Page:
If you have an inner passion for dogs and cats, you may consider working in the field of pet grooming. My passion for pets stems back to my childhood though life took me in another direction for a while. The deep infatuation with pets, however, was so ingrained that when I adopted a little dog that would require regular grooming, I knew that was my calling. I had a full time job and studied part-time to be a pet groomer. I was certified in a little over a year to start a career that has turned out to be the most fulfilling part of my life.
Pets are an integral part of the family unit and the responsible pet parent has great concerns about the health and outer appearance of their dogs and cats. Becoming a pet groomer can include many career choices in the pet field from working in a grooming shop, at a shelter and/or kennel, veterinarians office, a groom and board for dogs, possibly a pet sitter and even opening your own shop. When you study to be a groomer, you learn far more than just cutting tons of dog hair in various styles. Studies will include the anatomy of a dog and cat (though most grooming involves dogs more than cats). You will learn dog behavior and a complete study of the common pests such as fleas, ticks and other nuisance pests that are detrimental to the health of pets. Cats do require some grooming as well, especially the long-haired cats. The cat that is brought in for grooming will need special handling and care which you will learn as part of the pet grooming courses.
You will cover a vast array of medical issues that can affect pets’ skin and coat, ears, eyes and teeth. As a dog groomer it is necessary for you to recognize any concerns that your dog may have since many pet parents are not aware of what may exist under the fur and within the ears and mouths of their beloved pets. You will be brushing, combing, thinning, clipping and shaping dogs’ coats. You will also be clipping dogs’ nails and cleaning ears as well as brushing teeth. Other duties will include dips and shampoos for flea and pest control as well as special medical shampoos to handle any skin disorders.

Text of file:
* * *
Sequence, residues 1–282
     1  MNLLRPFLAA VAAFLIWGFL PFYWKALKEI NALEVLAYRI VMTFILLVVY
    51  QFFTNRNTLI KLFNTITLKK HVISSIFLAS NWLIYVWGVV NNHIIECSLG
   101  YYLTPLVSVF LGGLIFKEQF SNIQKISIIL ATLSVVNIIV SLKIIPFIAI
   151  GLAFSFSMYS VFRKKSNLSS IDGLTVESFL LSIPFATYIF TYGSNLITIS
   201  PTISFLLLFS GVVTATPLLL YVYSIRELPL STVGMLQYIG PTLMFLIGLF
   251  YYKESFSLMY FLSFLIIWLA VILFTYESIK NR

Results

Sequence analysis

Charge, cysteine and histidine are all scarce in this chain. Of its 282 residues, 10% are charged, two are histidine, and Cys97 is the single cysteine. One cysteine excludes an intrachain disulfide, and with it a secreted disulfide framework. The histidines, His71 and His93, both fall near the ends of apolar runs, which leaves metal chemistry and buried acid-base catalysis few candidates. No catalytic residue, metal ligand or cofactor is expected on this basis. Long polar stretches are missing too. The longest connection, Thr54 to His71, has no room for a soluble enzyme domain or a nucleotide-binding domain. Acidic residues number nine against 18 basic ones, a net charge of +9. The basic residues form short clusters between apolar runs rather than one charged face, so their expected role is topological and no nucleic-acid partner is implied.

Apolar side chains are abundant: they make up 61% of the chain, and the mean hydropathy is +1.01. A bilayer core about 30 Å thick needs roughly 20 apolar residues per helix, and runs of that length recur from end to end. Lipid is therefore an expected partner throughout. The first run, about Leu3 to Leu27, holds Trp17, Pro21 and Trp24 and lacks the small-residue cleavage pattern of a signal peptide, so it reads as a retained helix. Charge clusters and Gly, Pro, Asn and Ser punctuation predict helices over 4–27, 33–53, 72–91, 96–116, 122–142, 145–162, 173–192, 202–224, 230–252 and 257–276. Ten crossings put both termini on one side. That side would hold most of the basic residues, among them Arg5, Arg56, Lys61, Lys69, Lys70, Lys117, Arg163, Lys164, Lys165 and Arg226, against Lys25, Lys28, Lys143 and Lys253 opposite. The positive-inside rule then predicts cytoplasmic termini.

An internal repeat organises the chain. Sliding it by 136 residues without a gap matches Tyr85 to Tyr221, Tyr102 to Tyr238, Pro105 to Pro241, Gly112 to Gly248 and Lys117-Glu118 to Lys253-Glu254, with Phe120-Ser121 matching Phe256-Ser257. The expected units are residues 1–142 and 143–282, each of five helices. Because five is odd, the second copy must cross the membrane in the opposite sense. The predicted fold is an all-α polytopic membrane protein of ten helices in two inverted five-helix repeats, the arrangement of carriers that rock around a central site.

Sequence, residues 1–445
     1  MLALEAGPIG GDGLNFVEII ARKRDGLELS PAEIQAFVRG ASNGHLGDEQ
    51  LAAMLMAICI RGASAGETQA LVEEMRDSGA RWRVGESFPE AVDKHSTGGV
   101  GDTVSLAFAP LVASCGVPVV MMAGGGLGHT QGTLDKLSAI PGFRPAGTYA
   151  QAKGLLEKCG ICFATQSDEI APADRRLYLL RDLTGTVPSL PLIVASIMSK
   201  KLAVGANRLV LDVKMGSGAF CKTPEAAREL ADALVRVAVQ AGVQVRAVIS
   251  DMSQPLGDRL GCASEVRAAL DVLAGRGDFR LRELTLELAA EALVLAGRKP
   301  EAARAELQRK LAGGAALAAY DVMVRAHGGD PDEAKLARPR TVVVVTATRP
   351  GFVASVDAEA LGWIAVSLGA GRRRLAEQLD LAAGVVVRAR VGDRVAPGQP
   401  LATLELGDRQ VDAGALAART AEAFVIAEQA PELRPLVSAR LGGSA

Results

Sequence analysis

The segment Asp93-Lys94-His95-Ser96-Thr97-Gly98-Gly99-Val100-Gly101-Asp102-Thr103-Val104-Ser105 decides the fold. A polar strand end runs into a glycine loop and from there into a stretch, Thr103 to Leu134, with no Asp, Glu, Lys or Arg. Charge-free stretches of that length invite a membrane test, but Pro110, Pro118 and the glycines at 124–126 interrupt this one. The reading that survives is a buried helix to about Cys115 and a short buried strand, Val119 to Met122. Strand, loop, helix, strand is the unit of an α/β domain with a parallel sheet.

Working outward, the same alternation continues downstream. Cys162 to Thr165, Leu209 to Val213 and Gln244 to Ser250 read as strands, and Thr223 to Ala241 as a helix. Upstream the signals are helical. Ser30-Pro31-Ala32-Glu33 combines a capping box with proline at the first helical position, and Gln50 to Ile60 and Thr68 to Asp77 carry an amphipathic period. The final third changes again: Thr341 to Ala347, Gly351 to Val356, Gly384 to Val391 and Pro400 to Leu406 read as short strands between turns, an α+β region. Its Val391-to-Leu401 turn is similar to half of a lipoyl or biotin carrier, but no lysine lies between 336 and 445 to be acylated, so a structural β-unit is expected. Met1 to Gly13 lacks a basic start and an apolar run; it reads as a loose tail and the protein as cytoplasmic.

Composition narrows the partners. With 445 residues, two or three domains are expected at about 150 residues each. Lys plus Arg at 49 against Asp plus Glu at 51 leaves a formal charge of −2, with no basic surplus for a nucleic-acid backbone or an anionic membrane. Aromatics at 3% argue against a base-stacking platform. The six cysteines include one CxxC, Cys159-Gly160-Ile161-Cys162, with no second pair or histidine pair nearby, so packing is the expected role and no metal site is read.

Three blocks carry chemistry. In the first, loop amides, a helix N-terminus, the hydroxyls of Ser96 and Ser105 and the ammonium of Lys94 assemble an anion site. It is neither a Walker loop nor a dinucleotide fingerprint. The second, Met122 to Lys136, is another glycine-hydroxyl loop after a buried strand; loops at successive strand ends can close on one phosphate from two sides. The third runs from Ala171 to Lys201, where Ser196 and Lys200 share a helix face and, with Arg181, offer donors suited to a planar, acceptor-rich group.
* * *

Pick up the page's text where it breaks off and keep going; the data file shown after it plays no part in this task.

Certification in the field of grooming is not always required by law in your state. Check your local ordinances. Being certified does however provide you a more professional status in the eyes of pet parents who entrust their pets into your care. A great deal of patience and appreciation for animals is necessary as you will encounter some nervous, fidgety, scared and aggressive clients. There are some courses available on-line but to actually get a true feeling for working with animals, you would appreciate a one-on-one course while working on actual dogs and cats that need a little sprucing up. A variety of schools for dog grooming can be found at http://www.groomingschool.com/schools.htm. An endless source of information from learning guides to grooming tools can be found at http://www.petgroomer.com/.
Being a groomer is very rewarding and your clients will be the only ones that truly appreciate, love and kiss you in return for the attention you give them. Gaining the trust and respect of their pet parents is of utmost importance as well. A personal relationship with both your clients and their pet parents makes for a successful dog grooming career.